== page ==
Julie O’Donnell, Ph.D., is a psychologist and community mental health advocate with strong rural roots. She began her education with a degree in fashion design, following in her seamstress mother’s footsteps. Realizing a design career wasn’t necessarily useful in the area, she returned to college in St. Joseph, Missouri, followed by earning her master’s degree and Ph.D. at Texas Women’s University and then completing her residency in Nebraska. After five years of work at a community mental health center in Kansas and one year at Job Corps, she returned to Missouri as a psychologist at Live Well Community Health Center, which is owned and operated by the Health Care Collaborative (HCC) of Rural Missouri.
While she considers community mental health care her “wheelhouse” and where she feels most comfortable, she sees the strong intersect of mental health and substance use in rural areas. “I realized how many people in my family and in my community really dealt with mental health issues by using alcohol or substances and I realized there’s a big need for mental health care in a rural community.”
Dr. O’Donnell strongly urges those struggling with mental health issues, especially anxiety due to the COVID-19 pandemic and resulting social issues, to avoid self-medicating with alcohol and other substances. She warns that while substances may dull symptoms or push them away for a while, “when they come back, they really come back.”
She is also a big proponent of following your breath and jokes that not everybody truly knows how to breathe. She advises people experiencing stress or an overwhelming situation to take time to allow breath to come up from the belly and to follow YouTube videos for guided breathing to relieve tension in the body.
While she strongly suggests speaking to a therapist if you are struggling, she also recommends a good friend. “I think we all need that one person who can tell us the truth.” Find someone who can give you “that little dose of reality” if you are panicking and need to be calmed down – even if it can’t be a family member. Other “tension busters” include taking a break to drink water or go for a walk.
While COVID-19 cases are climbing, Dr. O’Donnell emphasizes, “This is our new normal for now. It’s not our new normal forever.” She recommends following all CDC guidelines such as wearing a mask and washing hands frequently. She also advises easing anxiety by focusing on the things you can control and doing what you should to care for yourself during this time. “Things are going to get better. But in the meantime, it’s really important to do some good self-care.”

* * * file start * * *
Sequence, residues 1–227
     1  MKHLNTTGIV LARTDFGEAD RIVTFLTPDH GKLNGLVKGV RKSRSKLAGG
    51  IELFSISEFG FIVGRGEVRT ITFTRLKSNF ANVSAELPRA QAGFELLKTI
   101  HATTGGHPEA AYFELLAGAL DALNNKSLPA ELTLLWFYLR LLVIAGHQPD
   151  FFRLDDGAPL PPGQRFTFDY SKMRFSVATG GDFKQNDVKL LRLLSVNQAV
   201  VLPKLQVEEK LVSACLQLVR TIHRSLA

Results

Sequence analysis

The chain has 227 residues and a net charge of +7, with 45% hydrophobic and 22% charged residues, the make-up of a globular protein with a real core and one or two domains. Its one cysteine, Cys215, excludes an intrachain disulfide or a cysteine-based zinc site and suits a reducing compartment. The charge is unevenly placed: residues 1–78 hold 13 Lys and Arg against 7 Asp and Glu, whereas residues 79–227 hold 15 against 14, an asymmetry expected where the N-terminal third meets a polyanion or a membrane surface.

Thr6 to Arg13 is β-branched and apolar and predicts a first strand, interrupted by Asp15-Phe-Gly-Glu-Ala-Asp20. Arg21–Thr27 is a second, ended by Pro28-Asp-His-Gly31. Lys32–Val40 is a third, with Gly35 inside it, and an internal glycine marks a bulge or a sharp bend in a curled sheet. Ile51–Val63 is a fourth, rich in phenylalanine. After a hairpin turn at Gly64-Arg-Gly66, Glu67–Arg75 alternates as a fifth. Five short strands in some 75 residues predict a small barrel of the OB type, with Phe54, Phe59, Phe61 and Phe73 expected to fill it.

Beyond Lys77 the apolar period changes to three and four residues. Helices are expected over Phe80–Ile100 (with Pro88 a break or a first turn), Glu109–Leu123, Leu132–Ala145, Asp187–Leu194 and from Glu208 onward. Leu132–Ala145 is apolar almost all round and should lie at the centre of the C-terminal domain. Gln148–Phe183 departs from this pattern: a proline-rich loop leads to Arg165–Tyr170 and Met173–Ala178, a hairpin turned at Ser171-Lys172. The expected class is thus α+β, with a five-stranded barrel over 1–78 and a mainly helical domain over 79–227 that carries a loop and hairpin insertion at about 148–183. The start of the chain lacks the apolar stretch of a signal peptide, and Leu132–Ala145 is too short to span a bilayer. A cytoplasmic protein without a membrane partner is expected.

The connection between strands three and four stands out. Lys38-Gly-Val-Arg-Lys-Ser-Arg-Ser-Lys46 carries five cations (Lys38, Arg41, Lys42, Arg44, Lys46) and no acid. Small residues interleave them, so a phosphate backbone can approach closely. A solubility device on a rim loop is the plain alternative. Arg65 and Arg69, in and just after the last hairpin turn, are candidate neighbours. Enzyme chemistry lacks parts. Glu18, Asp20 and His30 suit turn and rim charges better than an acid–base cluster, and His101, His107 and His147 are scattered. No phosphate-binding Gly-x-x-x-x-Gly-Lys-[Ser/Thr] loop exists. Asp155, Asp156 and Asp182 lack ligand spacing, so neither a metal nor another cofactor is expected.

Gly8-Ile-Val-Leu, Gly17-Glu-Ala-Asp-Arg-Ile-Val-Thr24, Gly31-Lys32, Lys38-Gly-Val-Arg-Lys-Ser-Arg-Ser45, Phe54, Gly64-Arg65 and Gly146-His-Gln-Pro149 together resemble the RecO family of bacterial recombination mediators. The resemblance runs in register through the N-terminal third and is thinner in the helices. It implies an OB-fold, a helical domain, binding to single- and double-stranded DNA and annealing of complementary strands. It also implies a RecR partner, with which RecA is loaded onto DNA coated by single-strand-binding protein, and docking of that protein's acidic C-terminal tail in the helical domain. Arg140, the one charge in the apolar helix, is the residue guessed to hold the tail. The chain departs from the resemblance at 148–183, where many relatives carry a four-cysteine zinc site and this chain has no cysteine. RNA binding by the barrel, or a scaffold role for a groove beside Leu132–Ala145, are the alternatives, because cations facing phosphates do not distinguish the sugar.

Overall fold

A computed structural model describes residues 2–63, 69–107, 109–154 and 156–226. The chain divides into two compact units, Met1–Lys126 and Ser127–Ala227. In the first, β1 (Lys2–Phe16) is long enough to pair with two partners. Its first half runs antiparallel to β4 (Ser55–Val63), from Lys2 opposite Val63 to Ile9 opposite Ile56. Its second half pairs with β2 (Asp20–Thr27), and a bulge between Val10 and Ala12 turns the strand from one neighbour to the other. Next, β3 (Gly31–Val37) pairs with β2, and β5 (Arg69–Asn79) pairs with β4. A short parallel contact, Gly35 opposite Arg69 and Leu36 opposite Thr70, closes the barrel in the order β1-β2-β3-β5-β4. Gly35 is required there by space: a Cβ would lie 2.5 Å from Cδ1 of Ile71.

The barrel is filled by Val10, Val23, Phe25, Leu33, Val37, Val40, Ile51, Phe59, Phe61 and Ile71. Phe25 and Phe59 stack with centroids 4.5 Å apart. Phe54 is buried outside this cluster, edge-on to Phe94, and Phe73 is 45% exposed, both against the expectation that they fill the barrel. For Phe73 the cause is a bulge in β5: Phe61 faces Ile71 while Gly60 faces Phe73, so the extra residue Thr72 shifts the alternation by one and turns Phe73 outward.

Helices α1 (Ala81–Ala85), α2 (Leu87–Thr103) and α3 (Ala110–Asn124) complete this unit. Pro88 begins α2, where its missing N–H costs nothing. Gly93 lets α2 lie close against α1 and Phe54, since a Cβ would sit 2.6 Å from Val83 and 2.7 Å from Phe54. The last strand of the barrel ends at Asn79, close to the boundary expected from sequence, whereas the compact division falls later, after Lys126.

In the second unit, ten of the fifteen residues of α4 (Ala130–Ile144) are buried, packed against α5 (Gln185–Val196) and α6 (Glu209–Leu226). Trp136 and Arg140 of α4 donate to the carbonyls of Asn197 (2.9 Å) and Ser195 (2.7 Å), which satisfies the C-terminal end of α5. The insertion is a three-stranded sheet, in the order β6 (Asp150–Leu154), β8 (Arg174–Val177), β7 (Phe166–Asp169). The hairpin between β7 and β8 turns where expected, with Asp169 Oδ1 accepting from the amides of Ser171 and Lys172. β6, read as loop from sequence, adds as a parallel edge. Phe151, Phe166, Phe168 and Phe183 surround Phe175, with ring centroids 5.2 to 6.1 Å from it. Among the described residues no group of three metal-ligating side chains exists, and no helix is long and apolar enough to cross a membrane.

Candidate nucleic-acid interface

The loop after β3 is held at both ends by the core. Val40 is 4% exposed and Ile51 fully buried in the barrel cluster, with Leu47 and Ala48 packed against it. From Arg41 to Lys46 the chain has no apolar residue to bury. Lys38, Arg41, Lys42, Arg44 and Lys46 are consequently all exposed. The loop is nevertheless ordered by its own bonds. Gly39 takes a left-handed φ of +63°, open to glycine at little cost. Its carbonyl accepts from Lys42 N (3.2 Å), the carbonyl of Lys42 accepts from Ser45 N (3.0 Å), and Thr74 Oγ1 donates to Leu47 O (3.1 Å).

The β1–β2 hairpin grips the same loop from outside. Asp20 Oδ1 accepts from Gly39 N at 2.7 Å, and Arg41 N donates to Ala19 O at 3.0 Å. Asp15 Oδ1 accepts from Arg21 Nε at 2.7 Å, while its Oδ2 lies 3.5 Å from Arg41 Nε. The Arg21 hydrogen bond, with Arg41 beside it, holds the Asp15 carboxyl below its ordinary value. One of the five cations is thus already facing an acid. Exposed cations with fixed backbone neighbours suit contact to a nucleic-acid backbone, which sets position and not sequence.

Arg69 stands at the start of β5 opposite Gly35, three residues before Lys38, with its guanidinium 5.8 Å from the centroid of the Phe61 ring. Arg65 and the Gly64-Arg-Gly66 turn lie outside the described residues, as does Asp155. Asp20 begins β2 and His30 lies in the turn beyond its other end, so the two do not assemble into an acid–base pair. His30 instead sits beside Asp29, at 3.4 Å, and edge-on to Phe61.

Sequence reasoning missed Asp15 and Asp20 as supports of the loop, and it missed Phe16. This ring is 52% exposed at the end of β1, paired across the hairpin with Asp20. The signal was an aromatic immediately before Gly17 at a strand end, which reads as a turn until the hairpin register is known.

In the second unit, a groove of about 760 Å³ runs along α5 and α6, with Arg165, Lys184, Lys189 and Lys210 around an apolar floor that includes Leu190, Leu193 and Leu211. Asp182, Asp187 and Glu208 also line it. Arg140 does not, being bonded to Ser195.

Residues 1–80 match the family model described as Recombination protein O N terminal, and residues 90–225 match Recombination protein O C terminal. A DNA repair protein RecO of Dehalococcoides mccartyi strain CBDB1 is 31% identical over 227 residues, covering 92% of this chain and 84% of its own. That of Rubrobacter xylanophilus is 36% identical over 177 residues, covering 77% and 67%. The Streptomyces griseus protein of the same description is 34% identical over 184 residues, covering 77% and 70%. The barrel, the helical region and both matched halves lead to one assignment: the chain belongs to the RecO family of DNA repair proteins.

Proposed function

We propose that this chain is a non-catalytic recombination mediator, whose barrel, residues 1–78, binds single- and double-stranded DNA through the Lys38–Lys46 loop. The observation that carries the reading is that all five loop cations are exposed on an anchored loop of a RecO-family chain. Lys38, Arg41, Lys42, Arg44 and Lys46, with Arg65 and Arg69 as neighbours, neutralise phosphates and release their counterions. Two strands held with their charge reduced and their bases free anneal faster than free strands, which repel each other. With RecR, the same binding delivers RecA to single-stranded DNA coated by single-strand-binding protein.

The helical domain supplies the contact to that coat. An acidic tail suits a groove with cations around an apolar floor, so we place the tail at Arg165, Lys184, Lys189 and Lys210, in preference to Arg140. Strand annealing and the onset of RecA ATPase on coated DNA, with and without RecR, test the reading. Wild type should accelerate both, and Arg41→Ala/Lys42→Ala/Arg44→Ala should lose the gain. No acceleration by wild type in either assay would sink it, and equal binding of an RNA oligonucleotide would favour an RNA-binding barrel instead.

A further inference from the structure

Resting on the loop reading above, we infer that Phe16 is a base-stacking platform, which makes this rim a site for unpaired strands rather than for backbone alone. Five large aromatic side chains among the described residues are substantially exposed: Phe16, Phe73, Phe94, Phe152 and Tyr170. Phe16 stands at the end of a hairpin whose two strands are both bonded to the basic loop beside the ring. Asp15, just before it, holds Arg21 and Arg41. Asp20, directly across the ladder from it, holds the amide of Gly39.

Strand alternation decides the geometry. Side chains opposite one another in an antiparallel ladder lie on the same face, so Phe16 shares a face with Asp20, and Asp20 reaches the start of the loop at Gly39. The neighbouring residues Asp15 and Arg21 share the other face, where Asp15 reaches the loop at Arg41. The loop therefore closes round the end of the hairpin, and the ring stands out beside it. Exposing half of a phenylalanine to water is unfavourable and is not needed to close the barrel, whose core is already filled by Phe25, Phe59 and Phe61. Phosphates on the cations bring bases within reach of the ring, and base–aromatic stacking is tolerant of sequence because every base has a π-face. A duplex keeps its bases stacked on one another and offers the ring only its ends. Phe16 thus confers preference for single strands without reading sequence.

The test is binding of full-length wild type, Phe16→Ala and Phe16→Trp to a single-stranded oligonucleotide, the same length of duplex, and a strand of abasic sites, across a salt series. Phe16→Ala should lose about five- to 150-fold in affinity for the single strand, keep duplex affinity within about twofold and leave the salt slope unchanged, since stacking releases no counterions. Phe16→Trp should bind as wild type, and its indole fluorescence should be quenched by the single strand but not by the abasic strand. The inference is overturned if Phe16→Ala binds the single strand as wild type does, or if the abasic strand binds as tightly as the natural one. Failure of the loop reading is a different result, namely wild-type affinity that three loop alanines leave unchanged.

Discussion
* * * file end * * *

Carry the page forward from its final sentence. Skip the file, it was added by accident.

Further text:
For those struggling with substance abuse in their family especially while staying at home, Dr. O’Donnell recommends having a careful conversation if someone is open to discussing their substance use. If you feel safe doing so, she recommends letting them know how their substance use affects loved ones. If there is a stigma in the family, “make sure you’re protecting yourself,” she warns. “That’s the hard conversation to have.” If they ask for assistance in enabling their behavior, such as asking for money, she proposes letting them know you love them but cannot contribute to their substance use. Dr. O’Donnell especially believes in reaching out to agencies like Alcoholics Anonymous and other resources. “It’s good to get fellowship from others going through the same thing and get support.”
Above all, she urges people to think about mental health from a new perspective. “I like to talk to people about mental health the same way we talk about physical health. If you fell off a tree and broke your ankle, you wouldn’t be embarrassed to go to a doctor for help.” She also warns that if there is something physical happening in the body, such as frequent stomachaches, it may be a sign of a bigger problem. “Our brains and our bodies aren’t two separate things — they’re connected.”
Dr. O’Donnell encourages anyone facing mental health issues to seek help. “It doesn’t mean you’re crazy,” she stresses, adding that even she has spoken to a psychologist when she felt she was in a rut. “Sometimes talking to somebody and getting it out into the room can help you see your problems in new light.”
While she advocates for people to seek professional guidance, she understands this is easier said than done, especially in rural communities. “I know there is a stigma, I grew up in a small town where that was very much true,” she says. “It’s a tough one in small communities like this to get over.”
Despite this stigma, she believes the recent shift in the psychiatry field to focus on recognizing trauma in children will help to break down barriers. According to Dr. O’Donnell, mental health professionals are connecting how children who grew up around substance use, incarcerated loved ones, abuse, and more are affected as adults including higher likelihood of smoking and substance use and a higher risk of diabetes, cancer, STIs, and early pregnancies.
“Hope is really what helps people improve their mental health,” she says of people in these situations, especially children and teens who may not be able to get out right now. “Without hope, we end up kind of getting stuck.” She stresses people’s power and control over their situation and to remember while they can’t change other people, they can change small parts of their lives now that can help them in big ways later. “Having hope helps us get out of that stuck spot.”